Riley took a boyish delight in playing pointless practical jokes. He would pretend to be blind and draw a crowd to watch him paint a sign. He once rigged up a long hose from an abandoned cellar to the adjacent building and projected his voice through the hose, calling out to passersby that he was trapped in the cellar. His most infamous prank backfired on him.  He persuaded the editor of the Kokomo Dispatch to publish a poem he had written in the style of Edgar Allan Poe, claiming it was a newly discovered unpublished piece of Poe’s work. It was picked up by a few other newspapers, but the sensational hoax Riley had hoped for did not materialize. The trouble was, the poem didn’t fool many people, and most critics said it wasn’t good enough to have been written by Poe.

Riley was reared a Methodist and maintained an affiliation with that church. His religious belief and his views of personal immortality conform to conventional Christian theology. In a poem called “The Evangelist,” he wrote:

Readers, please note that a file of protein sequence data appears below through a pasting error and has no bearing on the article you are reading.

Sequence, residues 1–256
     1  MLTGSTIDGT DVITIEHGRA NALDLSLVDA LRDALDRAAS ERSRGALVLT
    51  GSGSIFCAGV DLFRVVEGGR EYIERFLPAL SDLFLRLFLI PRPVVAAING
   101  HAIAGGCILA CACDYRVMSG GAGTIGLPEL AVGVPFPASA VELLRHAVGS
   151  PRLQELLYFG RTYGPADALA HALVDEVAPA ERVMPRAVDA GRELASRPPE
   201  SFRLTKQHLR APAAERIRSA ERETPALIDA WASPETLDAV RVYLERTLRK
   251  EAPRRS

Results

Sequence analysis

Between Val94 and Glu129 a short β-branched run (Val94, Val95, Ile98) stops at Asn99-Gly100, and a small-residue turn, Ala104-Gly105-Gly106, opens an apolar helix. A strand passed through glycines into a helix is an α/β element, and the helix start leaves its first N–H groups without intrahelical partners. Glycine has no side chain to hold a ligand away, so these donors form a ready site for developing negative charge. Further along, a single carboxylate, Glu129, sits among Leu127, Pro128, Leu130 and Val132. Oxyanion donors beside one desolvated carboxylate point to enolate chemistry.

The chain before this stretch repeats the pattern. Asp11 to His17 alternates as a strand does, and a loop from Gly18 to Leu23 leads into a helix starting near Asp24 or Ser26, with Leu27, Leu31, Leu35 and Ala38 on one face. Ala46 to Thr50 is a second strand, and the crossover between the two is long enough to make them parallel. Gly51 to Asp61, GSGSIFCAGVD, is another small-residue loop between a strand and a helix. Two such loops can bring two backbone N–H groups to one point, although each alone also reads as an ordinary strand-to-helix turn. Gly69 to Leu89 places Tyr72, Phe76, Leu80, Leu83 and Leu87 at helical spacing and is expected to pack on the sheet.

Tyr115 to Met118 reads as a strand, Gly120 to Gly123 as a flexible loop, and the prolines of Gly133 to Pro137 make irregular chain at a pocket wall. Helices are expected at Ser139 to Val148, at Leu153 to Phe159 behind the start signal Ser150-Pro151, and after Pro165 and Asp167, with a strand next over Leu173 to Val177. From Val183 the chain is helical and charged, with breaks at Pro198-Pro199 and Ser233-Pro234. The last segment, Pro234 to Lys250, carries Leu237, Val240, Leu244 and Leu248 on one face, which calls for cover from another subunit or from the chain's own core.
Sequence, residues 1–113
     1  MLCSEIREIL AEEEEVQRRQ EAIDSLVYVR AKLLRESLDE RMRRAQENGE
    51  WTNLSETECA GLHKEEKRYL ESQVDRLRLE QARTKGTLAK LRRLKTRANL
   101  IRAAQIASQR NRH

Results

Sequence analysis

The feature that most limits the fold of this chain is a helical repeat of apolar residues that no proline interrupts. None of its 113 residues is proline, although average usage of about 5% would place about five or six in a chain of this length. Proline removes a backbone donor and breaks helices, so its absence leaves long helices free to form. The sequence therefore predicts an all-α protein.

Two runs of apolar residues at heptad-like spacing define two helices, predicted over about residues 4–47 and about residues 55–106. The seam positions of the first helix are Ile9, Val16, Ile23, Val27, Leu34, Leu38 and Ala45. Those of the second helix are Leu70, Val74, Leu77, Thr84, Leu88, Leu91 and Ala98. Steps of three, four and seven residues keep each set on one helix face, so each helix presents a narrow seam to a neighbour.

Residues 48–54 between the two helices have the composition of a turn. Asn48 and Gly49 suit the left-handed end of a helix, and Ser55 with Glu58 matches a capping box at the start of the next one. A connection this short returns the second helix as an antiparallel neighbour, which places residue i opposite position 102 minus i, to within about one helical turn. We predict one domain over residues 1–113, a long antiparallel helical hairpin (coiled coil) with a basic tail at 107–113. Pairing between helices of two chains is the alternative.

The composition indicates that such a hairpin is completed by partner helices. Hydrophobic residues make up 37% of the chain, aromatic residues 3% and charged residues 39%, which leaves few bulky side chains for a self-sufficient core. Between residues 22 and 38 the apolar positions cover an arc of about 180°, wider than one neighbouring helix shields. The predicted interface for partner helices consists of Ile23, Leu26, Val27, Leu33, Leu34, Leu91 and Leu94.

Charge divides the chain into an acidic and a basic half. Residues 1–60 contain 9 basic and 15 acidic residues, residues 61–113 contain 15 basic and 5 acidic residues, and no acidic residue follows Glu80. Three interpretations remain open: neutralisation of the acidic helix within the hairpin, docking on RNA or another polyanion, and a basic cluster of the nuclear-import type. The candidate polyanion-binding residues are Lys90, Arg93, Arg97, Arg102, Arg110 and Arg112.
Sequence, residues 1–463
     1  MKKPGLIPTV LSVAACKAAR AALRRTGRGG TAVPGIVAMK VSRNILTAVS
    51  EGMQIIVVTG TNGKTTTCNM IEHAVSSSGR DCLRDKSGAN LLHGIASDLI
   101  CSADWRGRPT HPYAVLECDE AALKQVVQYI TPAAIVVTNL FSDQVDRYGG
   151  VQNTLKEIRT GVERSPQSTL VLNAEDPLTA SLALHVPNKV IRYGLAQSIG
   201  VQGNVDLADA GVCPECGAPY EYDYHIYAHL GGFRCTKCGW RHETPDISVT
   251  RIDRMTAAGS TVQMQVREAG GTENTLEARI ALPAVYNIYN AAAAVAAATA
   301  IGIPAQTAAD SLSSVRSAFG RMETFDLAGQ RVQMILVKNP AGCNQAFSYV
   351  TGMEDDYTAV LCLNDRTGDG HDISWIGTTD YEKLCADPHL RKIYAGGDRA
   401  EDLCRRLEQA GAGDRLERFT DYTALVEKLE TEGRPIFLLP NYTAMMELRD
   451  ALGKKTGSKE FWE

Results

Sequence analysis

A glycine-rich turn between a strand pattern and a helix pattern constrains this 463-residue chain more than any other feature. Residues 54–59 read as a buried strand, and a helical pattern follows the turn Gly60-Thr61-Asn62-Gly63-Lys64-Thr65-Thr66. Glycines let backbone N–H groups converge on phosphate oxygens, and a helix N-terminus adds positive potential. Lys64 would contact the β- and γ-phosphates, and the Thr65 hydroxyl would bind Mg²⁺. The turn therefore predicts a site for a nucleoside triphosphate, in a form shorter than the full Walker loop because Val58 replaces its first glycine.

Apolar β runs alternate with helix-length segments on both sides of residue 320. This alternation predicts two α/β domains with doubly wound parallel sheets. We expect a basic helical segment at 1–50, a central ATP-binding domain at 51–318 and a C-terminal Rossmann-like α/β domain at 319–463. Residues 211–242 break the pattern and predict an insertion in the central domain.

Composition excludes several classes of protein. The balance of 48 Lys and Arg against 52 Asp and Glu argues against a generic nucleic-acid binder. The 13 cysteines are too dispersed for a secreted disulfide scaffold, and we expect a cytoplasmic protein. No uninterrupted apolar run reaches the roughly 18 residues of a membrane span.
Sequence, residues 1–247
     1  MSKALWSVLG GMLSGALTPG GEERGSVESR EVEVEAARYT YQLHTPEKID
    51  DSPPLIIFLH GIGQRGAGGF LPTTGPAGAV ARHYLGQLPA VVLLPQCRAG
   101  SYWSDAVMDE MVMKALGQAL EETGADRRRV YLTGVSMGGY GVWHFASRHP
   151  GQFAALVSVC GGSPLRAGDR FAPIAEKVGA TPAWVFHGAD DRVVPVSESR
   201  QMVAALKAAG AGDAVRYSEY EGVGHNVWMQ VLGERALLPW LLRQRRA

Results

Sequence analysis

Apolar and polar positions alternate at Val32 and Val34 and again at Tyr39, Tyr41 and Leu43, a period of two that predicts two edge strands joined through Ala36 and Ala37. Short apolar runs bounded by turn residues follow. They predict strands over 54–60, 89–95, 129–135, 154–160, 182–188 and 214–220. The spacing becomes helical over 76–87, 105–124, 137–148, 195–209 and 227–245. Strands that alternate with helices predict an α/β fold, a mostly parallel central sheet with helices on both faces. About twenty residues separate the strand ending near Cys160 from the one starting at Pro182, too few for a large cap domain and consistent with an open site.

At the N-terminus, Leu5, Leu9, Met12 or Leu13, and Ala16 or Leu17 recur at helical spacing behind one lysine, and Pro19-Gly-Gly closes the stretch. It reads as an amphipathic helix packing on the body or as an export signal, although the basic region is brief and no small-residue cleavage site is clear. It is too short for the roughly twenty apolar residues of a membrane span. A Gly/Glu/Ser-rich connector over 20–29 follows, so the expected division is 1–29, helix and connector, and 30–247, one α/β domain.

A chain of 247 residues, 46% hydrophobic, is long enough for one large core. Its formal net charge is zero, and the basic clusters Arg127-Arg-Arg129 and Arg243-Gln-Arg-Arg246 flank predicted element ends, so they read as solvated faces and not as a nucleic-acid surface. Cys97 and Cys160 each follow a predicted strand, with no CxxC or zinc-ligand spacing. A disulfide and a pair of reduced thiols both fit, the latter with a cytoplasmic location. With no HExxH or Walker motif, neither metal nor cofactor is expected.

The Motive? That all tongues confess
            To Him—our Hope and Righteousness!
            Tho’ now the view be darkly dim,—
            Through faith we’ll win the world to Him!

            And Victory?  It will be won!
            God’s Promise—through His Promised Son!
            We’ll sing it in the realms above—
            Enraptured by Enraptured Love!

And in a poem entitled “We Must Believe,” he wrote:

                        O there must be
            Some fair, green, flowery pathway endlessly
            Winding through lands Elysian! Lord, receive
            And lead each as Thine Own Child--even the Chief
            Of us who didst Immortal life achieve....
            Lord, I believe:
            Help Thou mine unbelief.

By 1895 Riley was so successful he was earning $1,000 a week from his book sales and nationwide public readings—the equivalent of about $30,000 today. He received honorary degrees from Yale, Penn, and Indiana universities, and the National Institute of Arts and Letters awarded him a special medal for poetry.